Fortunately both oru neighbours are elderly. I dread what to think might happen if they move on.
I think you have dealt brilliantly with the situation.
Oh CW I really feel for you as we have been there. Our neighbour's son was a right pain. We had footballs, soccer balls, cricket balls, golf balls, balls galore. Even speaking with his Father didn't improve things!! Thankfully they moved a few years ago which has solved that particular problem. Love your new rule and hopefully Del Boy Jnr will be more respectful in future. Good Luck!
Yes, best to deal with this nuisance at once, kindly but strictly. Bad neighbour's behaviour can escalate when left unchecked. Our small gardens are protected by hedges, walls and fences, and the only thing that can penetrate is next doors black cat, then Milou sees it off.
Oooh, I'm feeling a bit guilty here. I have a son for whom any game involving a ball is heaven and we also have a modest city garden - albeit walled. We do as SJ Anne does and wait politely for a balls return rather then going over the wall to get it but, of course, neighbours are not going to return a ball straight away (and quite right too) so in order for a game to continue my son now has an embarrassing large selection of balls - footballs, cricket balls, basket balls, tennis balls...I won't tell you how many but all I will say is that I have a double duvet cover full of them in the shed...
I wish I could say that this would never happen in France but it does. When we were away once a ball was thrown into one of our huge cordylines that surround the pond and the plant lost its central stem. I never gave the ball back!
How maddening. When we lived in London and our football went over the hedge, I would say to my son, you can ask once, but otherwise its not fair on the neighbours. I told them about this... they were incredibly nice and said that they would always lob any ball back and to ask any time. I just knew that if I did, they would feel annoyed. Justifiably. It only takes some manners, doesn't it, and every one is happy. Hope your garden keeps football free!!
Helen - as SJA said the balls usually end up at the back of the border and we are not aware that they are there. So we only return balls that are asked for.
FF - I don't blame you for not returning the ball.
Hhmm what a pain in the bum.
People can be so rude, and I blame the parents for not teaching/encouraging them.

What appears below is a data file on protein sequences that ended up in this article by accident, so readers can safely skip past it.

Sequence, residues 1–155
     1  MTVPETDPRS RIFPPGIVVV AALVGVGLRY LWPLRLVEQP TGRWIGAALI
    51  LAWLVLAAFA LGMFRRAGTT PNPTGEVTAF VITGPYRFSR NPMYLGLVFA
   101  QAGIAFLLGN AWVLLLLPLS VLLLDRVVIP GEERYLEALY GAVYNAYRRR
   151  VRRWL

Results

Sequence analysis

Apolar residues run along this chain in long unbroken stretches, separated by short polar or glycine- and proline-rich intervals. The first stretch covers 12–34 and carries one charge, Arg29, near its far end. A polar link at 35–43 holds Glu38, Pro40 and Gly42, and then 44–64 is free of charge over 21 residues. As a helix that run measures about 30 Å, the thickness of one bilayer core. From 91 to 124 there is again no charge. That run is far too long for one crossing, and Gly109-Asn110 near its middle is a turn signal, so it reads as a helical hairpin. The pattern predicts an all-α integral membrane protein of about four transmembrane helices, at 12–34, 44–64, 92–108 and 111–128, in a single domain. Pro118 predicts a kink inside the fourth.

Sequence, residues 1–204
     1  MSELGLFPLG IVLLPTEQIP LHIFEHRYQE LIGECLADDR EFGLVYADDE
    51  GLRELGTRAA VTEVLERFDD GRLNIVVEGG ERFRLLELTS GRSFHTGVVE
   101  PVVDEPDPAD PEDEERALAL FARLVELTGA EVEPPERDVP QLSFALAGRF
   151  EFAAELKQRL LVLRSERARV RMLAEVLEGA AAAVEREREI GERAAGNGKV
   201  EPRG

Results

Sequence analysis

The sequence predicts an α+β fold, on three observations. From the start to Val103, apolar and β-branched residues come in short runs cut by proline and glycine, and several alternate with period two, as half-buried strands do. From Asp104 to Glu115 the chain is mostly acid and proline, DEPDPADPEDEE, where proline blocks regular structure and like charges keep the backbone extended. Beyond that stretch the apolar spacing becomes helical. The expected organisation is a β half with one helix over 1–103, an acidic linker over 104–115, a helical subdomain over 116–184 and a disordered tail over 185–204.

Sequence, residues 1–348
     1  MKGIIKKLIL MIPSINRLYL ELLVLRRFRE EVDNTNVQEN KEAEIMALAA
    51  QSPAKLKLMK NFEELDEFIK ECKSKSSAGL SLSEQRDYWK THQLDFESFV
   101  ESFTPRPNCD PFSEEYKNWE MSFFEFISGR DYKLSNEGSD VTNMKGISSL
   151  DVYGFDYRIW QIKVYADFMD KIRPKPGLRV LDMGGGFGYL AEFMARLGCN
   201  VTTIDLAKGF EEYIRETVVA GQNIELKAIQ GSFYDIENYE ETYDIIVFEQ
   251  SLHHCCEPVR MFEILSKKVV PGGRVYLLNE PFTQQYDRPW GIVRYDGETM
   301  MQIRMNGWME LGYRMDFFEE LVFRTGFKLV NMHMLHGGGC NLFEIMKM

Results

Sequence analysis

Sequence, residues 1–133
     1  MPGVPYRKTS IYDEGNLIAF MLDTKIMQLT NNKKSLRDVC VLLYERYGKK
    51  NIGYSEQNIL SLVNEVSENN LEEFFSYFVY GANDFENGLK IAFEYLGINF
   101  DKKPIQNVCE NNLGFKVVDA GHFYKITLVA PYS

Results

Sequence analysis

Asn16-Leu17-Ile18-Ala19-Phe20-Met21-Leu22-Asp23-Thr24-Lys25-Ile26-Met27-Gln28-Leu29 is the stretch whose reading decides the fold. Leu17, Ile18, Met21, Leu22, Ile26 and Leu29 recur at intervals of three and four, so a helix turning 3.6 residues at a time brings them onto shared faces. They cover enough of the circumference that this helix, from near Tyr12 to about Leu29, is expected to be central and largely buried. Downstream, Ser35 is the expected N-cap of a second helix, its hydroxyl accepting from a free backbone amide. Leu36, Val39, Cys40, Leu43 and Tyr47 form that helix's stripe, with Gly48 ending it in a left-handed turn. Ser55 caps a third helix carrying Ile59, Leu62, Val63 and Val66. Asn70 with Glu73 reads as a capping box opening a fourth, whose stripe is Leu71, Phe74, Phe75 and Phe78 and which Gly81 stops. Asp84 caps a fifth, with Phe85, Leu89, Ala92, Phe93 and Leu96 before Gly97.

My dad erected an eight foot fence all around his property, with barbed wire running at the top. When I first saw it, I thought it was a bit too much, but dad insisted it's the only thing that would keep the hooligans away, after an all night booze-up. Now the shrubery has grown to cover it all up, and looks serene, but inside it's still home to the barbed wire.
I've had my share of neighbours from hell but never football wielding ones!!
Funnily enough, the worst neighbour I ever had was a minister (Ha, so much for love thy neighbour) he would stand outside my door on a Saturday night listening and if he heard any noise at all he would have a fit!! (I know he hovered outside the door because we could see him from the bedroom window). I could see the point if it was 1am or something like that but when it's 9pm, you have friends over for dinner and the music is low enough that you can comfortably talk over it then complaining about noise is a bit much!!
I like your rule!! Don't stand any of their nonsense!!
Well, at least you were able to give to a charity shop! Footballs for a cause! enJOY your day!
We have a similar problem and while I didn't want us to be known as "those mean old bastiges across the wood" I don't want those big gumboots plowing through my garden, either! I hate to say it, but we put up barbed wire, lol...makes their trot over the garden fence a bit more, shall we say, painful? Now they're forced to come to us in the front! Hope you get your problem taken care of!
Certainly, "Bah! Humbug!" neighbours. They probably don't even think of themselves as being rude. I'm with SJA, and your rules.
I have had neighbour problems myself so I synpathise! Someone told me the old saying "good fences make good neighbours" and it's certainly true!
Oh I so know this scenario! Only recently the fish wife from across the street was at my door regarding the ball her nuisance kids wanted returning. Like you I imposed rules, the kids play in their own garden now and not in the street. :(
Oooh, I'm so glad we live in the middle of nowhere and have no neighbours!
These kids do eventually grow up and leave home. but it takes so long. (The oldest child I ever taught is now around fifty!)
We have grown men who play football in the garden behind us Or at least they did. They recently slammed the leather football so hard into the fence that they broke it so they had to replace the panel. Funnily enough, now that it has cost them money, the football games seem to have stopped.
Yes I do agree with you, no excuse for bad manners and it's not as if you haven't tried to be accommodating.
You OK over there?? Not seen you lately. Just concerned.
Playing football in most small back gardens should carry a health warning - for the neighbours!